Pro Tem is the Bilingual Newspaper of Glendon College. Founded in 1962, it is York University’s oldest student-run publication, and Ontario’s first bilingual newspaper. All content is produced and edited by students, for students.

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Pro Tem est le journal bilingue du Collège Glendon. Ayant été fondé en 1962, nous sommes la publication la plus ancienne de l’Université York ainsi que le premier journal bilingue en Ontario. Tout le contenu est produit et édité par les étudiants, pour les étudiants.

Spread the Word, Help the World!

Spread the Word, Help the World!

On September 27, 2018, Google celebrated its 20-year anniversary. This huge, widely-used technological tool, which is part of the company Alphabet, was created in 1998, by two American men, Larry Page and Sergey Brin.

According to BBC, “Google makes most of its money from selling advertising opportunities on the search pages so many of us use.” That means that Google makes profit from each search you do when using its engine, thanks to its auction-based program, AdWord. And considering that over 70 percent of worldwide online search requests go through Google, it is understandable that Google’s revenues reach 109.65 billion U.S dollars annually!

Indeed, every one of us has noticed these simple text-based ads which are included on the top of each search page. Google’s AdWords are, after all, the primary source of Google's revenue. In fact, Le Monde explains in an interesting article that this AdWords program sells keywords. For example: “restaurants” or “accommodations in Toronto” are keywords that are sold to corporations through an auction sale. Corporations, by buying these keywords, then appear on the top of the search page when a user employs one of the words in their search.

Do you think that Google only makes money when you use its search page? Of course not. Even when you are not on one of its sites, according to BBC website, Google’s AdSense network, another advertisement program of Google, puts adverts on partner sites, With Google taking a share of the revenue.

            But, imagine for just one second that all your searches in one day, and all money that follows from those searches, is invested not to line Alphabet’s pockets but to finance social and environmental projects? Yes, it is possible, and the answer Lilo.org!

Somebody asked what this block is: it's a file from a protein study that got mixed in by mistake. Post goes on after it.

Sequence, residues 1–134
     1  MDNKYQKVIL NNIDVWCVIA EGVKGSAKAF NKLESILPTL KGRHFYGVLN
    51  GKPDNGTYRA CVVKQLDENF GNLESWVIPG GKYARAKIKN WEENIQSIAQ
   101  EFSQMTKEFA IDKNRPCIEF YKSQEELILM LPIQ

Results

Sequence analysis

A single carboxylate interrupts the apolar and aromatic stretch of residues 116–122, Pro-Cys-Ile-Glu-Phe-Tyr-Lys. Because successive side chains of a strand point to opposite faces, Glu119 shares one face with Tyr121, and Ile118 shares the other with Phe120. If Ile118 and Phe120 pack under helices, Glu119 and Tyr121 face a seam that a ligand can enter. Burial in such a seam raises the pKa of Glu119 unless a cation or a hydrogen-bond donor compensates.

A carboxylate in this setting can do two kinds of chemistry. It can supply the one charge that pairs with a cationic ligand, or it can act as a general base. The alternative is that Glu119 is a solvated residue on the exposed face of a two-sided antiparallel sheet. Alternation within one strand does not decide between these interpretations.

I discovered this French search engine recently and wanted to spread the word: it is possible, as a student, to be involved in social or environmental causes (or both!) without moving from our desks. Without any costs, including that to our privacy, Lilo.org retrieves money from your search. This money then finances projects and that follows from the commercial links displayed after each Lilo search in “drops of water.” In fact, with each search on Lilo.org, you gain a “drop of water.” And as you know, drops of water add up to fill an ocean. This visual is used to demonstrate that by small contributions to a project, you can help great and noble causes.

According to Lilo.org, they have already collected $210,926 for many different missions to change the world. What it is the best part of Lilo.org? The wide choice of projects that are proposed! It is possible to give our “drops of water” to famous NGOs like Oxfam as well as more localized NGO from different countries. Extremely convenient, Lilo.org files projects according their action fields: environment, social, health, and education. Furthermore, if you didn’t find what you were looking for, you can suggest an NGO project, or indeed add your own.

            It is really easy to switch search engines from Google to Lilo.org. You can do both on your computer and on your phone to collect the maximum of drops of water and be involved in various social projects. As Lilo.org is a new creation, it is currently only available in some languages, such as French, English, Spanish, and Italian. Nonetheless, in only two weeks, I have already collected 670 drops of water. Now, you have no excuses to help change the world!


Les types de justice

Les types de justice

Commencer la maternelle à quatre ans: un projet d’éducation à revoir

Commencer la maternelle à quatre ans: un projet d’éducation à revoir